When I first began practicing yoga in 2005, I was in the midst of what I would describe as an early-life crisis. I was in my mid-twenties and had just cut myself off from an emotionally abusive relationship that ended with me being granted a victim protective order. The mental effects left me feeling as if I were a mere shell of a person. Any clarity of mind or harmony I once felt with the universe was lost in what I felt to be a short- circuit between my mind and body. This disconnect was literally causing my body to become inoperable, manifesting itself most intensely as panic attacks and as a rare neurological voice disorder called adductor spasmodic dysphonia. My throat felt as if someone had taken a death grip around it, leaving me sounding like I was being strangled to death anytime I’d open my mouth to speak. Instead of a clear, steady stream of sound, each word I spoke sounded like a series of interrupted dots and dashes. This was my wake-up call and a pivot-point in my life.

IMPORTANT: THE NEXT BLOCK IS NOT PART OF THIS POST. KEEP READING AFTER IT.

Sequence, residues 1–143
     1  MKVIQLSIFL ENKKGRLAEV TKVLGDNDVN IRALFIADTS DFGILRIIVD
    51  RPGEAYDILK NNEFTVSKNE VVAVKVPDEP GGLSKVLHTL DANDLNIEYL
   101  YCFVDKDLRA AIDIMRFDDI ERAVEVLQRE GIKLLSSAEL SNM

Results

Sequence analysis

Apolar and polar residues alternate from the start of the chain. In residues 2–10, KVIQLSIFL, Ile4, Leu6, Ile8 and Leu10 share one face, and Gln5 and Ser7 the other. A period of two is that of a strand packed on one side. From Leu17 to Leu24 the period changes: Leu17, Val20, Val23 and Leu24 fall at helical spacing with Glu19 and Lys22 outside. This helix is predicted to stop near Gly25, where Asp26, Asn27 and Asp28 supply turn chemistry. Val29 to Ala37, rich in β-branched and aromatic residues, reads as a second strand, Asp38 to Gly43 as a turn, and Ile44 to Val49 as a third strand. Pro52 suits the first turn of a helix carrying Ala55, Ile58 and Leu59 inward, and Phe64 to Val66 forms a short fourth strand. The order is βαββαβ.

As I sought help from a laryngologist and a voice specialist, I found that the medical community has yet to understand what causes the voice disorder and therefore treats only the symptoms through periodic injections of botulinum toxin (Botox), administered by needle through the esophagus and into the muscles surrounding the vocal cords, causing temporary paralysis to ease the spasms. Injections would need to be administered once every three months for as long as I wanted to maintain a new-normal sounding voice. I did this one time before I made the decision to get to the root of the problem, not just treat the symptoms. I had a hunch that whatever was causing my voice problems had something to do with the state of my emotions and my relationship to myself and that the healing process should begin from the inside out.